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      “La Adicción y sus Efectos en las Familias” in San Juan

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      September 6, 2013 - September 7, 2013

      Friday   8:00 AM - Saturday 4:00 PM

      100 Calle Guamaní
      San Juan, Puerto Rico 00907

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      “La Adicción y sus Efectos en las Familias”

      Puerto Rico Addiction Research Foundation


      2da Conferencia La Adicción y sus Efectos en la Familia…



      San Juan, Puerto Rico – Puerto Rico Addiction Research Foundation (PRARF) presentara su segunda conferencia “La Adicción y sus Efectos en la Familia”, los días 6 y 7 de septiembre del 2013 en el Centro de Convenciones de Puerto Rico, con la destacada participación de los expertos y líderes en el campo de la adicción, trauma y relaciones de familia. Todo dentro del contexto del núcleo familiar que sufre de los efectos de la adicción y alcoholismo.


       PRARF una entidad sin fines de lucro y establecida con la misión de llevar el mensaje de recuperación de la adicción a todas las personas y familiares que de una forma u otra sufren de esta enfermedad y sus efectos en el entorno familiar. En esta nuestra segunda conferencia, PRARF presentara a profesionales líderes como el Dr. Bessel van der Kolk, líder en el tema del trauma y sus efectos en desarrollo del individuo, extensamente publicado y profesor de Psiquiatría en el Boston University Medical School, Terry Real internacionalmente reconocido terapista familiar, autor y conferencista, Laurie Dhue reconocida mujer ancla de las cadenas MSNBC, FOX News y CNN, que nos brindara su historia de fortaleza , fe y esperanza en su batalla con el alcoholismo y eventual recuperación, Dra. Alexandre B. Laudet internacionalmente reconocida investigadora del comportamiento y salud en la recuperación de adicción, psicóloga y Directora del NDRI’s Center for the Study of Addictions and Recovery, así como líderes del campo de la psicología tanto locales como internacionales. 



      DR. Bessel van der Kolk
      Bessel van der Kolk, MD, is a clinical psychiatrist whose work attempts to integrate mind, brain, body, and
      social connections to understand and treat trauma. His research ranges from the impact of trauma on
      development and brain imaging, to the use of yoga, neurofeedback, EMDR, and theater in PTSD. He is a
      professor of psychiatry at Boston University School of Medicine, medical director of the Trauma Center in
      Boston, and director of the Complex Trauma Treatment Network, NCTSN. Dr. van der Kolk is author of
      several books and over a hundred scientific articles

      Terry Real
      Is an internationally recognized Family Therapist and Author and has been featured often onGood
      Morning America and ABC News.
      Terry founded the Relational Life Institute (RLI), offering workshops for couples, individuals and parents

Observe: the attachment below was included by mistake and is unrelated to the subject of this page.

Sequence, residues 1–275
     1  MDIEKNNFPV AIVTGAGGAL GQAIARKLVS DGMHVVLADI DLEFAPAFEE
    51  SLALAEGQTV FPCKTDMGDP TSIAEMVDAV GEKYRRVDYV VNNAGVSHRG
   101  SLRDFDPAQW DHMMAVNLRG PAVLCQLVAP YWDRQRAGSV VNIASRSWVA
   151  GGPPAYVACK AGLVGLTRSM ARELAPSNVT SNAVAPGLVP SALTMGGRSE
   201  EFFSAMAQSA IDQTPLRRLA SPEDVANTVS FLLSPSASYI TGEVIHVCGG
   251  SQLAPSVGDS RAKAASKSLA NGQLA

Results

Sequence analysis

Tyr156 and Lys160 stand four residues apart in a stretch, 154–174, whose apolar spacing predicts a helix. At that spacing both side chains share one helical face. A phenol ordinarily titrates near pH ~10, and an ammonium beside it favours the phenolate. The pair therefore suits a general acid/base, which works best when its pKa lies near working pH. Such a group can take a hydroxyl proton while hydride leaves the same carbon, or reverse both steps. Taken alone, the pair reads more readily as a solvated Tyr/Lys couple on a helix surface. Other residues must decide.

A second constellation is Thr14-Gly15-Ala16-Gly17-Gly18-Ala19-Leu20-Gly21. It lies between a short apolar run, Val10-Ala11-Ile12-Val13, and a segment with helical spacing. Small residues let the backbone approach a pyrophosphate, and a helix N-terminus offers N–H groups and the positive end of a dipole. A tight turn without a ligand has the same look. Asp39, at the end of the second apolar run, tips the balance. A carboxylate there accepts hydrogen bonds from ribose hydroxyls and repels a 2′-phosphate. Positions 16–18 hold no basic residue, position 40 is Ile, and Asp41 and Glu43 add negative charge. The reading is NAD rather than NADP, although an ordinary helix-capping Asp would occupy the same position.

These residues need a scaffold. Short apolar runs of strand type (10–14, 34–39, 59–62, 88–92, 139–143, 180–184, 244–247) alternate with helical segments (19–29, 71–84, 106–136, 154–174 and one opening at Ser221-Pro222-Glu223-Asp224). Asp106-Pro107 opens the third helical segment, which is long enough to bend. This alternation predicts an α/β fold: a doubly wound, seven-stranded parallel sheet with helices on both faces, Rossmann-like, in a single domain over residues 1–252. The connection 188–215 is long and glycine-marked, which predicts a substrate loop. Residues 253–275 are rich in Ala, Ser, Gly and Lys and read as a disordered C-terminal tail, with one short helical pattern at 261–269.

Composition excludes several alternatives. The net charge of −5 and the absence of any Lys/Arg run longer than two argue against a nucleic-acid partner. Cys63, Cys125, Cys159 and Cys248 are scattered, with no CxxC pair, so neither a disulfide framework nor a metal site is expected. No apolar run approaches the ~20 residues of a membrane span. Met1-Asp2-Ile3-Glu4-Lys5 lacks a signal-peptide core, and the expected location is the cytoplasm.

around the country along with a professional training program for clinicians wanting to learn his RLT
      (Relational Life Therapy)methodology.
      A family therapist and teacher for more than twenty five years, Terry is the best-selling author of I Don’t
      Want to Talk About It:Overcoming the Secret Legacy ofMale Depression (Scribner, 1997), the straighttalking How Can IGet Through to You? ReconnectingMen and Women (Scribner, 2002), and most
      recently The New Rules ofMarriage:What You Need toMake LoveWork(Random House). Terry knows
      how to lead couples on a step-by-step journey to greater intimacy — and greater personal fulfillment.
      A senior faculty member of the Family Institute of Cambridge in Massachusetts and a retired Clinical Fellow
      of the Meadows Institute in Arizona, Terry has worked with thousands of individuals, couples, and fellow
      therapists. Through his books, the Institute, and workshops around the country, Terry works with women
      and men, parents and non-parents, to help them create the connection they desire in their relationships.

      Martha Stark MD

      Martha Stark, MD is a psychiatrist/psychoanalyst in private practice in Boston. She is on the Faculty at 

      Harvard Medical School (where she is Clinical Instructor in Psychiatry) and a Teaching/Supervising Analyst
      at the Massachusetts Institute for Psychoanalysis. In addition, she serves on the Faculty of the Continuing
      Education Program in the Department of Psychiatry at the Beth Israel Deaconess Medical Center (Harvard
      Medical School), is Adjunct Faculty at the Center for Psychoanalytic Studies at the Massachusetts General
      Hospital (Harvard Medical School), and teaches in the continuing education programs at the
      Massachusetts School of Professional Psychology and the Smith College School for Social Work.
      Dr Stark is the author of three award-winning textbooks on psychoanalytic theory and technique – Working
      with Resistance, A Primer on Working with Resistance, andModes of Therapeutic Action – all three of
      which have earned the top rating of five stars on
      Alexandre B. Laudet, Ph.D, is a nationally recognized Addiction and Recovery Scientist. Her federally
      funded research in the past 15 years has focused on what helps people with drugs and/or alcohol problems
      quit drinking or getting high and how they stay in recovery. A social psychologist, her main goal is to
      translate scientific knowledge into effective services and policy to create opportunity for long-term recovery
      and improved quality of life for people with substance problems. She has published numerous scientific
      articles, presents regularly at national and international conferences, serves on the editorial board of